Drug abuse is a worldwide phenomenon. It is wide spread in our society and has affected Pakistan in many ways. It contributes to crime, adds to the cost of our already overloaded health care system and to the financially impoverished social welfare system. It is also a serious threat to one’s health and also causes violence and mass crime in a society. Being a developing country with a small economic base, the menace of the drug addiction became stronger and remained under cover of Pakistan’s other development issues such as poverty, poor health care, illiteracy, child labor, limited power resources and terrorism. It could not be addressed properly due to lack of awareness, poor coordination between the health care facilities, educational institutions and the families of the recovering addicts. Besides limited efforts in the last decade the fact is that drug abuse is rapidly growing in Pakistan and having a major impact on the society; especially on the youth.
The United Nations Office on Drug and Crime presented its annual drug report recently, which says that Pakistan’s annual heroin market is worth $1.2 billion. With more than 90 per cent of the world’s opium being produced in neighboring Afghanistan, Pakistan becomes the main route for opium to be supplied to the world. According to government sources, 600,000 people enter into drug abuse in Pakistan annually. Vulnerability to HIV and other blood-borne diseases through injecting drug use is also considerable, with 420,000 drug users estimated to be injecting drugs in Pakistan, a higher estimate than ever reported previously. The technical summary of the Drug Use in Pakistan 2013 Report launched during the Commission on Narcotic Drugs reveals how a substantial proportion of Pakistan’s population aged 15 to 64 suffer from the devastating consequences of substance abuse. The Report estimates that 5.8 per cent – or 6.4 million adults in Pakistan – used drugs in the last 12 months. Although 4.1 million individuals are thought to be drug dependent, treatment and specialist interventions are in short supply, available to less than 600,000 drug users a year. Moreover, not all structured treatment is free of charge. In a country where almost a quarter of the population is estimated to be living on less than US$ 1.25 a day, the barriers preventing access to structured treatment are exceptionally high. In the absence of rehabilitation facilities at government hospitals, private hospitals are charging unreasonable amounts to treat drug addicts. The treatment of one patient can range from Rs45, 000 to Rs600, 000. According to report published by the Office on Drugs and Crime (UNODC), 70 percent of all drug addicts want treatment, but don’t have resources to avail it.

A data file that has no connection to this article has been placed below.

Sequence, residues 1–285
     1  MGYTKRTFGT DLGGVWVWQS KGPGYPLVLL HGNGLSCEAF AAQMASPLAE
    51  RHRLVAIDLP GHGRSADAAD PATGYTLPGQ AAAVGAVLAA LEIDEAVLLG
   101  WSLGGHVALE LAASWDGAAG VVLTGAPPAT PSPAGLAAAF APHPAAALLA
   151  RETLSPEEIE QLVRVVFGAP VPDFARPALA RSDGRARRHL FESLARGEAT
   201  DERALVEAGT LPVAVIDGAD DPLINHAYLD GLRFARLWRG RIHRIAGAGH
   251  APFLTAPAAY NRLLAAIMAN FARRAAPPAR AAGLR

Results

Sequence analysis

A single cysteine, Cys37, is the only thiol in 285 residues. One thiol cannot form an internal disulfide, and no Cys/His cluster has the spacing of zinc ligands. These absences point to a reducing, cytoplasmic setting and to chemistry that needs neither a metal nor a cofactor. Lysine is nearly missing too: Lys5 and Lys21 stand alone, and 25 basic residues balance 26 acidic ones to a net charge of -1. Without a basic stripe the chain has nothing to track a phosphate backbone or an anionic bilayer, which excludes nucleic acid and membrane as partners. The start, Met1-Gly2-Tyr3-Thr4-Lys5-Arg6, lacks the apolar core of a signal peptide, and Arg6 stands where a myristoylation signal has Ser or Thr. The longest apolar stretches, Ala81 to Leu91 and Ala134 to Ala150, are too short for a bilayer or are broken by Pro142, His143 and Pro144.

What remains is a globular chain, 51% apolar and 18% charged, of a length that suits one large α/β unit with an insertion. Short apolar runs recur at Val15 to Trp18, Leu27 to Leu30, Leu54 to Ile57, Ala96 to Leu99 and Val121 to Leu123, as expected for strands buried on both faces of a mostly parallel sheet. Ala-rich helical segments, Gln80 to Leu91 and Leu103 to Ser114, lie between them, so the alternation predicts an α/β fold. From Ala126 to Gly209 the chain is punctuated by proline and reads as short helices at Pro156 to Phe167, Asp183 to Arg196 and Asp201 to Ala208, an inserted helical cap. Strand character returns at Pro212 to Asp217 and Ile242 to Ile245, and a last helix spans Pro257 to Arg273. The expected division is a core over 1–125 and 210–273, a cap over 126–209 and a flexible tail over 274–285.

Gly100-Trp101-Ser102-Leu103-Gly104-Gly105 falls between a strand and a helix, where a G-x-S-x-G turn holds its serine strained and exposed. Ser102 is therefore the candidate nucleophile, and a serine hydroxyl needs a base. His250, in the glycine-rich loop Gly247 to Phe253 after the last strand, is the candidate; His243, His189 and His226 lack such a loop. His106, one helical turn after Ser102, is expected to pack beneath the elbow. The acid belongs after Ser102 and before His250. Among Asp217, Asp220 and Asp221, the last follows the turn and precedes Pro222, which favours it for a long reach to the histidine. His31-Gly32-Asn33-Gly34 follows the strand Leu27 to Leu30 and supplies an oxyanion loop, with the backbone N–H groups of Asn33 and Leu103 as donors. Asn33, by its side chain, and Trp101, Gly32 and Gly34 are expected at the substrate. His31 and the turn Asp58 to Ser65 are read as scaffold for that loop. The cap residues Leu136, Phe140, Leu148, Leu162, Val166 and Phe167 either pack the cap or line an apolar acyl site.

But the New Horizon Care Centre (NHCC) has proved to be a ray of hope in the otherwise depressing drug addiction scene of Pakistan. The NHCC is currently running four hospitals where drug addicts are provided free-of-cost treatment. We have treated more than 15,000 patients at our centers in past 12 years 100% free. Due to limited resources the centers can only treat 350 to 500 patients at a time for a minimum of 6 week to 3 months period of treatment. We also provide free treatment to 1,915 drug addicts at the Central Jail Karachi. However, the situation is not controlled right way, the number of drug addicts in Pakistan might double in the next 10 years. Patients undergoing rehab at the NHC centre in Karachi and Wazir abbad says that they are ready to restart their lives with new ambition and have made up their minds to never use drugs again.
We seek to help, guide and facilitate hundreds of families whose loved ones, mostly youngsters, unemployed and victims of the society where drug traffickers and pushers can freely functioned ssand target them, to rid themselves of drug abuse, build a new, healthy and productive life. We seek to provide drug addicts, often physically neglected and socially despised, secure shelter, caring environment, treatment, rehabilitation and edification to regain and rebuild their lost lives afresh.
Drug addiction is a chronic disease and denial is one of the symbols of all such diseases. The government, as well as private addiction treatment facilities, must provide incentives to drug abusers so that they are willing to be treated. Law enforcement agencies should refer drug addicts for treatment rather than sending them to jail where drugs are easily available. Most drug addiction treatment centers are located in big cities. The need of the hour is for treatment facilities to be established in small cities and towns. At the same time, incentives for professionals in this field should be provided. Currently, they lack training facilities and funds.